There are also brand-new features like the Trust system which allows you to play through 4-player dungeons by replacing human players with AI companions. They’re smart enough that this feels absolutely viable as a means of progressing through the story, yet they also have personalities that make them fallible. It’s a fun system that, like most of this expansion, is better than it needed to be. Trust makes the main Shadowbringers quest entirely playable without other people, aside from the few 8-player trials you’ll encounter throughout the story. This expansion also added New Game +, allowing you to play through FFXIV’s whole story with current gear. I haven’t touched this at all yet, because honestly, I’m having too much fun doing everything else. (CORRECTION: New Game + isn’t there at launch. According to the official patch notes, it’ll be added at patch 5.1 or later, so at least three months from now.)
After over 1,000 words, I feel like I haven’t even begun to cover Shadowbringers. It’s easy to just list out each new feature, although it’d be a really long list. The hard part is explaining why each update and addition improves the game so much. In the end, the story is what this expansion will be known for, and that on its own is enough to firmly establish FFXIV Shadowbringers as the best RPG in the Final Fantasy franchise. Combat might turn off those turn-based RPG die hards, but there’s more than enough action to appease anyone who likes fast-paced fights. The game’s skill ceiling and combat depth are still my favorite parts. I haven’t even mentioned the outstanding art direction on display. The game still has multiple breathtaking views despite running on an engine built in 2010, and there are still new attack animations that get you fighting-game-hype for pulling off certain moves. And I’ve also been quiet about the music. Final Fantasy XIV already had what I consider to be the best soundtrack in video game history, and Shadowbringers’s score is possibly the best set of tracks the game has ever added. When I mentioned having cried at a point in the story it was because of the use of music in one scene.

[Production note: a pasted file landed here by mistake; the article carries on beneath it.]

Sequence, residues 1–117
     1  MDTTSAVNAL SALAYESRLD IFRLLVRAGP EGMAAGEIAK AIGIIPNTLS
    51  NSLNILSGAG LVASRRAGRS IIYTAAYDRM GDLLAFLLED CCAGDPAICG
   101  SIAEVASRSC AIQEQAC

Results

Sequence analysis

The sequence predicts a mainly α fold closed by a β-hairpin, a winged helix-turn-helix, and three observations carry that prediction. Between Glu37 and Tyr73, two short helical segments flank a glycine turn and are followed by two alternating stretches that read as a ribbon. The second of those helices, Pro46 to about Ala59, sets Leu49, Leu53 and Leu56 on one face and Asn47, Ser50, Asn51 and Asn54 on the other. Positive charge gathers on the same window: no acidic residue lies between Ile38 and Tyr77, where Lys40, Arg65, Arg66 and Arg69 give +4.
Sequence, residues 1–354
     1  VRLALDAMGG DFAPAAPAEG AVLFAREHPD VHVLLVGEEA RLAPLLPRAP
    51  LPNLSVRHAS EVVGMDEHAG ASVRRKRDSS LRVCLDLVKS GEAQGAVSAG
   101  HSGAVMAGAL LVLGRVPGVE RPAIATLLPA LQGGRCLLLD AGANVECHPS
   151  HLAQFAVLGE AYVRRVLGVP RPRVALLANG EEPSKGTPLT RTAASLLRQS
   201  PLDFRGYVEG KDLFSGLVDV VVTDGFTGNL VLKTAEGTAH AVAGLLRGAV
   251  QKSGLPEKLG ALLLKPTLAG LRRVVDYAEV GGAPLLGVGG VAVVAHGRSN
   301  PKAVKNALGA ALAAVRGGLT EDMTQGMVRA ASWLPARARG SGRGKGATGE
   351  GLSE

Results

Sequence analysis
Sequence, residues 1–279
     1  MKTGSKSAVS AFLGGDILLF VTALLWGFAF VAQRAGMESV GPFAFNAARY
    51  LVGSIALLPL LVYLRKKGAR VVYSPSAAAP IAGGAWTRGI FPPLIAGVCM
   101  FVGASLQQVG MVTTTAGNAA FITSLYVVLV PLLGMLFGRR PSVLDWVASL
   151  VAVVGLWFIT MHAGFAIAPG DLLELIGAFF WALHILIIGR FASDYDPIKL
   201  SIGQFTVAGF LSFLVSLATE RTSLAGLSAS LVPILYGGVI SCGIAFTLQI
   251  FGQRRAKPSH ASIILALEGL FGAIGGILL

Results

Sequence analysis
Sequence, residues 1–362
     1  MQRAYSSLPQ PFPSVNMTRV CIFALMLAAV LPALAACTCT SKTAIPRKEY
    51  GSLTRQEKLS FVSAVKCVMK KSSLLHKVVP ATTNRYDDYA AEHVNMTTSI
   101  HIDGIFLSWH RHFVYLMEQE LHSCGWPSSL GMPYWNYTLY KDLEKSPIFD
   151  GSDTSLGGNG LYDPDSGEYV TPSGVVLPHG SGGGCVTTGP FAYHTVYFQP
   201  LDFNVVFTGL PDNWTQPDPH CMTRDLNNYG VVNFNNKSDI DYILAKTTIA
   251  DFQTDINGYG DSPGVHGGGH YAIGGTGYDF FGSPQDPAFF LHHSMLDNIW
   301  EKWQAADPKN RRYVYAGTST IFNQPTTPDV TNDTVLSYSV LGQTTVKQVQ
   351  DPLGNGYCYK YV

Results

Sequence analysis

I rarely recommend Final Fantasy XIV simply because it is an MMORPG and that means it’s a huge time sink. It’s not grindy (you’ll need to do each combat encounter once, maybe twice, to get all the way to the end), but there’s so much story and content accumulated over the years, that it certainly requires a time commitment. On the other hand, it’s one of the best stories you’ll ever experience in a video game, and, at this point, part of what makes it good is how it uses its length as a storytelling tool. The impact of all your character’s adventures throughout the years has become a part of the world’s history.
In short, it’s hundreds of hours of game, and it’s worth every one of them. If you’ve never played FFXIV, and you like RPGs, do it. Get over the $15 monthly subscription if that’s the hold up, unless you can’t afford it. If you’re a fan of the game already and you’re on the fence about Shadowbringers, understand that the combat, music, writing, and job design are at an all-time high, so chances are anything you liked about the game is better than it ever was before. For the third time in three expansions, I find myself thinking, “I don’t know how they do it.”
Dark story with depth and existential philosophy.
Improvements to the already incredible gameplay.
The atmosphere of the new areas.
Astoundingly good soundtrack.
New races, no free item to change your race is a silly choice.
(An outstanding game with negligible flaws)